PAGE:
The Great Alaska Earthquake and Tsunami: Better Prepared Today

Posted Thu, 03/28/2024 - 11:14
By Doug Helton, Regional Operations Supervisor, Emergency Response Division
A downtown metropolitan city in 1964 seen with a street collapsed in the aftermath of an earthquake, and community members walking amongst the destruction.
Downtown Anchorage, the collapse of Fourth Avenue near C Street, due to a landslide caused by the earthquake. Image credit: U.S. Army.

Sixty years ago, on March 27, 1964 at 5:36pm local time, (March 28 at 3:36 UTC), a 9.2 magnitude earthquake struck the Prince William Sound, Alaska region. The “Good Friday earthquake” was and still is the largest U.S. earthquake ever recorded and the second largest recorded worldwide. The epicenter was 75 miles east of Anchorage and the earthquake was felt over a large area of Alaska and in parts of western Yukon Territory and British Columbia, Canada.

Alaska’s continental shelf and North American plate rose over 30 feet during the earthquake. This sudden displacement of the ocean floor, along with earthquake-induced landslides, generated massive local tsunamis. Two hundred miles southwest, some areas near Kodiak were permanently raised by 30 feet. Southeast of Anchorage, areas around the head of Turnagain Arm near Girdwood and Portage dropped as much as eight feet. These seafloor changes had long-term economic and ecological effects, and much of the region had to be recharted to ensure safe navigation.

The Impacts in Alaska — and down the Pacific Coast

In Prince William Sound, Port Valdez suffered a massive underwater landslide, resulting in 32 deaths in that port. The docks, warehouses, and canneries of Valdez disappeared, sweeping away men, women, and children. Nearby, a 27-foot tsunami destroyed the village of Chenega, killing 23 of the 68 people who lived there. Multiple post-quake tsunamis severely affected Cordova, Whittier, Seward, Kodiak, and other Alaskan communities.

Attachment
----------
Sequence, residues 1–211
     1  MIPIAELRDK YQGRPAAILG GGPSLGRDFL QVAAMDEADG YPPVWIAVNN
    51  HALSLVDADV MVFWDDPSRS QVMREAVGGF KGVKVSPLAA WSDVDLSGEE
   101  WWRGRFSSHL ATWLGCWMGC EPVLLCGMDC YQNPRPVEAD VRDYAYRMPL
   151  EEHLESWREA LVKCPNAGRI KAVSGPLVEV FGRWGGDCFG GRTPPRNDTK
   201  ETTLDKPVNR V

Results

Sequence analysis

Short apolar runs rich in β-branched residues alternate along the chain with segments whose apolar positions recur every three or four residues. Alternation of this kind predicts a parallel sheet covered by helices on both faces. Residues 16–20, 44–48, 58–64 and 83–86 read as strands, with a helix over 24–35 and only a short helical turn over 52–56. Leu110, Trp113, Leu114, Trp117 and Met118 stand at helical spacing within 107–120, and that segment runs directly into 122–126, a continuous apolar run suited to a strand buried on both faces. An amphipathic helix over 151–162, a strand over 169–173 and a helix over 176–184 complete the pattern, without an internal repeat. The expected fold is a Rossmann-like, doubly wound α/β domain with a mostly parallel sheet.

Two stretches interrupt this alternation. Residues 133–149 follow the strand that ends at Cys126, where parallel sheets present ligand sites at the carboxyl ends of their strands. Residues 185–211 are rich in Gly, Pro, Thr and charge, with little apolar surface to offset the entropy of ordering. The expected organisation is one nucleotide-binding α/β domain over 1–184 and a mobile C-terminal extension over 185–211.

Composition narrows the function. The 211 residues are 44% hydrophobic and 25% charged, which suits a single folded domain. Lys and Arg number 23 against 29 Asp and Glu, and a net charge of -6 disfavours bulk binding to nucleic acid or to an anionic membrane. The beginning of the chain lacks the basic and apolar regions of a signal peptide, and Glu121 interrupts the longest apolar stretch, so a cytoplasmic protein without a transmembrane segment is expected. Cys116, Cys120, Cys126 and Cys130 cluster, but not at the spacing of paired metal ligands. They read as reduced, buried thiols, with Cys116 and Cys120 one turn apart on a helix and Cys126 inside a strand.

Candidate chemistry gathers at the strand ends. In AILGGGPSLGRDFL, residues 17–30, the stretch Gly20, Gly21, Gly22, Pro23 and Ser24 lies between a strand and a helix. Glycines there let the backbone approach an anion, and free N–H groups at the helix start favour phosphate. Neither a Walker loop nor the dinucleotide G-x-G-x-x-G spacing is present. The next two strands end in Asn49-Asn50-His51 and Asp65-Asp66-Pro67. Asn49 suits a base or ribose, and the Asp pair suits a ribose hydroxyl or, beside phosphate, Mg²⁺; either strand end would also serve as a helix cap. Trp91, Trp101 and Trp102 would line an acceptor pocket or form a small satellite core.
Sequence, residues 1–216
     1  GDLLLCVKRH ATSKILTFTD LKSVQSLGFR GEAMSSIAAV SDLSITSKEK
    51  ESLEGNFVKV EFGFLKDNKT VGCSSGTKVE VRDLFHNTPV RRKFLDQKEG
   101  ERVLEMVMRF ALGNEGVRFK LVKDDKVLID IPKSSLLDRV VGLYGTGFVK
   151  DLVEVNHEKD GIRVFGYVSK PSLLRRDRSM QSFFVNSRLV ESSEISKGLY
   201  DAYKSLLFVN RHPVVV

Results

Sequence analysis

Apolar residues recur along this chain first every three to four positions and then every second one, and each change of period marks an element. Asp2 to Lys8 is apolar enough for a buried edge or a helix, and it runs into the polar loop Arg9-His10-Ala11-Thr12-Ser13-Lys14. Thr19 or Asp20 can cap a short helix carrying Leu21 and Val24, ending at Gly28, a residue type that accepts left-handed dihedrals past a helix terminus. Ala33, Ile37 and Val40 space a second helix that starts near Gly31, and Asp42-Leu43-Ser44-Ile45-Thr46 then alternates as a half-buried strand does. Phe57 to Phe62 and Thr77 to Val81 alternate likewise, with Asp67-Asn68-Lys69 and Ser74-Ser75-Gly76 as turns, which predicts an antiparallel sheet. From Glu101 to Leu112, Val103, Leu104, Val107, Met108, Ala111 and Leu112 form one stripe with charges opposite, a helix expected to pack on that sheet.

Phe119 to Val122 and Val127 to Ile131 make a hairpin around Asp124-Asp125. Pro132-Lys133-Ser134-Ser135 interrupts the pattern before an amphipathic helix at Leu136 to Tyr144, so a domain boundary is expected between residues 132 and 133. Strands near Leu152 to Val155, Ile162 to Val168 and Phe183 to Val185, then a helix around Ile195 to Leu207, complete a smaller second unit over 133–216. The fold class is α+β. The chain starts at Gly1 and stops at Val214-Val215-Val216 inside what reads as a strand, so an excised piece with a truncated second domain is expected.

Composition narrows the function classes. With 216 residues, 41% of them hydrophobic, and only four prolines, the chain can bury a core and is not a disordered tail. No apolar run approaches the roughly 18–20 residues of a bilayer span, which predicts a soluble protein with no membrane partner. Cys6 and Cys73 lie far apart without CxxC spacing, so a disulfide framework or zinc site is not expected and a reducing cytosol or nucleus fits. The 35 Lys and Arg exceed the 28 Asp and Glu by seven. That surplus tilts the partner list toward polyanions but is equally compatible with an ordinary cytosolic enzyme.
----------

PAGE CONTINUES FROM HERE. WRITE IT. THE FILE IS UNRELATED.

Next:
In Seward, the earthquake ruptured oil tanks that were set ablaze. When the tsunami arrived, it created a wave of fire that expanded its path. (Following the earthquake, towns such as Seward, Valdez, and Chenega were moved to safer ground.)

In addition to the loss of many fishing vessels, canneries, and other processing plants, many fish populations were affected. Cordova was the world’s largest razor clam fishery. After the earthquake, the seabed around Cordova rose eight feet and destroyed the clam fishery.

President Lyndon Johnson declared the entire state of Alaska a major disaster area a day after the earthquake. 

Impacts were not limited to Alaska, however. British Columbia, Washington, Oregon, and California all suffered damage. Waves more than 14 feet above tidal height flooded 29 blocks of Crescent City, California, and killed 11. Further north, four people in Newport, Oregon, also perished from the waves. The tsunamis caused damage as far away as Hawaii and Japan.

How Might it be Different Now?

Now, 60 years later, there are different considerations for how the U.S. should respond to a similar disaster. Alaska is a seismically active area and has had other smaller earthquakes since the Great Alaska earthquake, but Alaska is very resilient. An 8.2 magnitude earthquake occurred in 2021 along the sparsely populated Chignik region of the Alaskan peninsula. No casualties or serious damage were reported. Years earlier, however, a 7.1 magnitude earthquake hit the Anchorage area in 2018, injuring 117 people and causing $76 million in damages.

Additionally, Alaska has changed and grown since 1964. Then, the total population of Alaska was just 250,000. The largest city was Anchorage, with a population of 100,000. Today, Alaska’s population is over 730,000 and Anchorage’s is 288,000.

Valdez had a population of 1,200 in 1964. The tsunami wave run-up was as high as 170 feet. Half of the downtown business district was demolished, massive damage was caused to the waterfront, storage, warehousing and railroad facilities. The town's entire fishing fleet was also destroyed.